5.4.2 Computation of the flux
5.5 The GW phase
5.6 Conclusion of Part II
III Towards the 4PN phase
6 The 4PN source mass quadrupole
6.1 The general expression of the source mass quadrupole
6.2 The quadrupole moment as a function of potentials
6.2.1 The elementary potentials
6.2.2 The method of super-potentials
6.2.3 Integrations by part and surface terms
6.2.4 Expression in terms of potentials
6.3 The properly UV regularised quadrupole
6.3.1 Computation of C and distributional terms
6.3.2 Hadamard regularisation: computation of NC terms in 3d
6.3.3 Computation of the UV DDR for NC terms
6.3.4 Computation of surface terms in 3d
6.3.5 Final result for the UV regularised mass quadrupole
6.4 The properly IR regularised quadrupole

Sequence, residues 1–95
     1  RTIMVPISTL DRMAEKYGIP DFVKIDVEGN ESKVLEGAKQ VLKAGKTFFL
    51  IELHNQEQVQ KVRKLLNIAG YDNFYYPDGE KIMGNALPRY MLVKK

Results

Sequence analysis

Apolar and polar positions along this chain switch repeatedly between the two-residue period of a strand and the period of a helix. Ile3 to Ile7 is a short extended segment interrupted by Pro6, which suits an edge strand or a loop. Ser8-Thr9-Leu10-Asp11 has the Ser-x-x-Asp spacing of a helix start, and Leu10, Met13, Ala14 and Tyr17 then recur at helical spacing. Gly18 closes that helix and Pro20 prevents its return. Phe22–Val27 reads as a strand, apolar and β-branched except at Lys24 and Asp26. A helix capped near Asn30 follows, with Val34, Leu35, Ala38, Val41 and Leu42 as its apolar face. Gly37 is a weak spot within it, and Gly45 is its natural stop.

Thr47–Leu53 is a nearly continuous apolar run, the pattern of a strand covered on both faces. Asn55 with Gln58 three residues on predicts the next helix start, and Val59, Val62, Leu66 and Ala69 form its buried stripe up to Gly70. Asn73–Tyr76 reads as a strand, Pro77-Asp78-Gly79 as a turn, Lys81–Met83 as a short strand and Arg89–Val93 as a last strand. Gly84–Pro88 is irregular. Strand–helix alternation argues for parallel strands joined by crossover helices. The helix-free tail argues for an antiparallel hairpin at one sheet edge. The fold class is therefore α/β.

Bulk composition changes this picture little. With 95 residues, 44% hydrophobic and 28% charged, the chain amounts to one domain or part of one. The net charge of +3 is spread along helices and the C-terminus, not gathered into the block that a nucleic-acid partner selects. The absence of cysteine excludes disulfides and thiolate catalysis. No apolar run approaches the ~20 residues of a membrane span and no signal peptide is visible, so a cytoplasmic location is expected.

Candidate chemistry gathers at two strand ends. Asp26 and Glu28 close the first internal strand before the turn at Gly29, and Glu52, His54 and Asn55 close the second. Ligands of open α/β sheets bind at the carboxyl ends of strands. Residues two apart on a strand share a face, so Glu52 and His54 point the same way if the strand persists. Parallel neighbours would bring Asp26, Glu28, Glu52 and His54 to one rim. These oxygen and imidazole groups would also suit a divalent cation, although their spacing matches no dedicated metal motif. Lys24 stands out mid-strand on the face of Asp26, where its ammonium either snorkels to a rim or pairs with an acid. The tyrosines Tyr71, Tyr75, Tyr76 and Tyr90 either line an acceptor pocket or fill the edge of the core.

6.4.1 Computation of the DDR of potentials at point 1 and C terms
6.4.2 Computation of the d-dimensional potentials at spatial infinity
6.4.3 Computation of NC terms
6.4.4 Computation of the extra term and surface terms
6.4.5 Applying the IR shift
6.4.6 Final result for the source mass quadrupole
6.4.7 The IR DDR of the mass octupole
7 The 3PN radiative current quadrupole and the associated gravitational amplitude mode
7.1 The current multipole moments in d dimensions
7.2 The current quadrupole moment of compact binaries
7.2.1 Computation of the current quadrupole
7.2.2 Example of the super-potential method
7.2.3 Final result
7.2.4 The IR DDR for the current quadrupole
7.3 The gravitational-wave mode h21 at 3PN order
7.4 Test of the current quadrupole with a constant shift
7.5 Conclusion of Part III
Appendices
A Conventions and some technical aspects of General Relativity
A.1 General relativity
A.2 Notations and conventions in the PN approach
B The d-dimensional 4PN metric as function of potentials
C Proof that the Weyl tensor trace terms can be removed by a redefinition of the metric in the effective tidal action
D Lengthy expressions of the project on tidal effects
D.1 Conservative sector